On 4. October 1990, 28-year-old Robin Abrams disappeared from her hometown of Beecher, Ill. Shortly after, her abandoned vehicle was found in a nearby town with the keys still in the ignition. A witness claimed to have seen two men being dropped off in a tow truck that night. The local sheriff's department initially investigated the disappearance, but was soon turned over to the state police. This was due to a possible conflict of interest, as Abrams was involved in a heated legal battle with the department, specifically with a police officer named Anthony Marquez.

Abrams began an affair with the married Marquez in 1987. He eventually persuaded her to take a job with the sheriff's department, but their relationship went bad after Marquez allegedly broke into her car while she and her mother were in the house. Shortly thereafter, the department terminated Abrams' employment, and Marquez and Abrams would face various criminal charges against each other over the next two years. Eventually, Abrams obtained a protective order against Marquez and filed charges against him and seven other members of the sheriff's department. He alleged wrongful termination and sexual harassment. Abrams was to make an official statement 18 days after she disappeared. Since she did not appear, the case was dismissed.

Marquez was later fired from the department after a new sheriff was elected. Robin Abrams was never found and the exact circumstances of her disappearance remain unclear.

4 Rilya Wilson

Four-year-old Rilya Wilson and her two siblings were living with their godmother, Geralyn Graham, in Miami after being removed from their mother's care. Social workers from the Florida Department of Children and Families (DCF) were assigned to conduct frequent visits to check up on her. According to Geralyn, she appeared on 18. January 2001 an unknown DCF social worker in her apartment and took Rilya away for evaluation. No one questioned this story until April 2002, when two DCF employees were investigated for fraudulently recording their home visits. Since Rilya had never actually been returned to Geralyn, she was reported missing, but authorities initially suspected that Geralyn's story was false.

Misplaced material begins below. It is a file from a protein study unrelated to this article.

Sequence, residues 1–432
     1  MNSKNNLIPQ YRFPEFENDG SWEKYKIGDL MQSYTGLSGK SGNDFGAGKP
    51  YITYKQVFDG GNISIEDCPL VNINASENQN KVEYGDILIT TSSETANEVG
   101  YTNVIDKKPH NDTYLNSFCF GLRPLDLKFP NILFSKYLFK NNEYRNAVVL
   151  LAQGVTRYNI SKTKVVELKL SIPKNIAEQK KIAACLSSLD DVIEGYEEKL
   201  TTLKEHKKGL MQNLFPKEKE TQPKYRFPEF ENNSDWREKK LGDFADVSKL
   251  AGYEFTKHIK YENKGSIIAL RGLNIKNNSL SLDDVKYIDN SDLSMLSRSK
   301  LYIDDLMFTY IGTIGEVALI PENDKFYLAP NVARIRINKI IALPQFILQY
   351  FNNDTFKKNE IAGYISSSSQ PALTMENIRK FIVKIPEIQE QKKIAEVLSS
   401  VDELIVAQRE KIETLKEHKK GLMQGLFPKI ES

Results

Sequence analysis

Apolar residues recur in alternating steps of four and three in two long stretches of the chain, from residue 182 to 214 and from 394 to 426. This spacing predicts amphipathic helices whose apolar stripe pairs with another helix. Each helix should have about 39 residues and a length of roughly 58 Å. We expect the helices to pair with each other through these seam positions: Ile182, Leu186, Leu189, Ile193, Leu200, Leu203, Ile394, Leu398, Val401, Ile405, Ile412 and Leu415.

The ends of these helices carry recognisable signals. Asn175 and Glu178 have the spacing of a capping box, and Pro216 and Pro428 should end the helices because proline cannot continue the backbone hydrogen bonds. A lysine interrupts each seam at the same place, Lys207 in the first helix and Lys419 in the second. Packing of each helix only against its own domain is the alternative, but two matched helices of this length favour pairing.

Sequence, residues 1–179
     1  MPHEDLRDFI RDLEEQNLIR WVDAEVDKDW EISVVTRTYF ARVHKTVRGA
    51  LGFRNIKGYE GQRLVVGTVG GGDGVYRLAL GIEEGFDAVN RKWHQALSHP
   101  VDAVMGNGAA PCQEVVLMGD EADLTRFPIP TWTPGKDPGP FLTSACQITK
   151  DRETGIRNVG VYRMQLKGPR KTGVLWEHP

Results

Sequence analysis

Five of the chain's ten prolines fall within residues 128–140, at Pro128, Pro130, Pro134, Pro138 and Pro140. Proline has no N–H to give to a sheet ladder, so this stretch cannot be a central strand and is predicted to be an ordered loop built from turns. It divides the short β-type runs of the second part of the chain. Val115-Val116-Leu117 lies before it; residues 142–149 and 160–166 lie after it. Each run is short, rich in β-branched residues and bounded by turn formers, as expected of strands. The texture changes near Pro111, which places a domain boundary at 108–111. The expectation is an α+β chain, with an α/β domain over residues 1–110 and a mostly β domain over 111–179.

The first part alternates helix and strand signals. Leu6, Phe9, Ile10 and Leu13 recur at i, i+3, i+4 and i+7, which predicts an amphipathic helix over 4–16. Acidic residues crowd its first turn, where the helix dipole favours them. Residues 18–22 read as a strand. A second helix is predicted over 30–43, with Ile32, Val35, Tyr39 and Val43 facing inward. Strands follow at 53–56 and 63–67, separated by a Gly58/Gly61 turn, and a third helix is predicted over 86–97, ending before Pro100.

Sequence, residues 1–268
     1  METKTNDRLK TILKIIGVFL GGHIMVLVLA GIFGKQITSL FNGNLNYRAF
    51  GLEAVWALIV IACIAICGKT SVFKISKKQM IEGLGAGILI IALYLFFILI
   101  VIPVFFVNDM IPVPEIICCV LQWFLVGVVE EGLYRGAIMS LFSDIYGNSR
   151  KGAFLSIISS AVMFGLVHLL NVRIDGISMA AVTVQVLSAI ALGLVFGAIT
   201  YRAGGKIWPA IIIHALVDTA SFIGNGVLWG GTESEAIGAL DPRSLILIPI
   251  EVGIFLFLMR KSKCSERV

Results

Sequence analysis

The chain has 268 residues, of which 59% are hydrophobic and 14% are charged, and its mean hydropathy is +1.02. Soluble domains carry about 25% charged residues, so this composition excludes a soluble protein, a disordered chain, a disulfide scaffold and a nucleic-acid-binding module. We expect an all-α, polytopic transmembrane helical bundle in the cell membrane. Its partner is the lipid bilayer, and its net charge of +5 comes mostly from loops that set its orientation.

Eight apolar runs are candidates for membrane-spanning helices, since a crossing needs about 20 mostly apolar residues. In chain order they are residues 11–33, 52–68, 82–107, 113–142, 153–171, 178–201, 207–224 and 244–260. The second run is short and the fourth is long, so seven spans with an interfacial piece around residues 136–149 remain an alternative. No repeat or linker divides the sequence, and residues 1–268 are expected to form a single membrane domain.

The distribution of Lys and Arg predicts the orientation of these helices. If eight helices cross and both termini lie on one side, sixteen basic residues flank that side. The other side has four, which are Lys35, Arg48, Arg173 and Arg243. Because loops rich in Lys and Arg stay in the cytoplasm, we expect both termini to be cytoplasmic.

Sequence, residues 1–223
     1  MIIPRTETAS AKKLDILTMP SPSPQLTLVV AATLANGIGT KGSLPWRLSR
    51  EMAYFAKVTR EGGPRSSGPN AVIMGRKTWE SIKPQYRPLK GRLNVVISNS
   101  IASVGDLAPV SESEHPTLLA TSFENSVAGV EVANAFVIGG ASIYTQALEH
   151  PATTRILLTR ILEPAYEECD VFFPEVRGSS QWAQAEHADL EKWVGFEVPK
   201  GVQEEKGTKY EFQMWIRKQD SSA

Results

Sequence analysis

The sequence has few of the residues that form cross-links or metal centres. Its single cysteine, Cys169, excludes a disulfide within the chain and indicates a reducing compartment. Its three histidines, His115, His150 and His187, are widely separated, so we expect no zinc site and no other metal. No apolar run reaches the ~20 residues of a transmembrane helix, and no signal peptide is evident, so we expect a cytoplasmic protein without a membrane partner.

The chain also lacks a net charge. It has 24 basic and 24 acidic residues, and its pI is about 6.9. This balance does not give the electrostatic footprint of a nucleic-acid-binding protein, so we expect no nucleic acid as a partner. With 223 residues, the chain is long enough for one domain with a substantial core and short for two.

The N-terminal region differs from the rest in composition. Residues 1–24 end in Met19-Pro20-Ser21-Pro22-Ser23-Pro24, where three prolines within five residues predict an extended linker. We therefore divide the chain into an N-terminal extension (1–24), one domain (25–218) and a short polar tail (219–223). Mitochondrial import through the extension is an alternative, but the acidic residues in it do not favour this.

DCF had no record of anyone removing Rilya from her home, but because social workers falsified records and did not make their scheduled visits, no one from the agency had actually checked in on Rilya for over a year. The agency faced heavy criticism for allowing the disappearance to go unnoticed. During Rilya's absence, Geralyn was able to continue to talk about 14.Cashing in thousands of dollars in checks sent by the state for child care services. Authorities suspected wrongdoing in the case, and Geralyn was eventually charged with fraud, kidnapping, child abuse, and Rilya's murder. In January 2013, Geralyn was sentenced to 55 years in prison on most of these charges. However, because there was very little evidence that she killed her granddaughter, the jury got nowhere on the murder charge. Rilya Wilson was never found.

3Michael Rosenblum

On 14. February 1980, 25-year-old Michael Rosenblum stranded his girlfriend, Lisa Sharer, at a Pittsburgh gas station and drove away in her car. Michael told Lisa he would meet her later that evening at his parents' house, but he was never seen again. A few hours later, Lisa's abandoned vehicle was found with two flat tires on River Road, but the Baldwin Police Department didn't notify her, and the car sat in their impound for three months.Things got even more bizarre in July when the Baldwin PD issued a warrant for Michael's arrest after mistaking him for another suspect who had committed a robbery.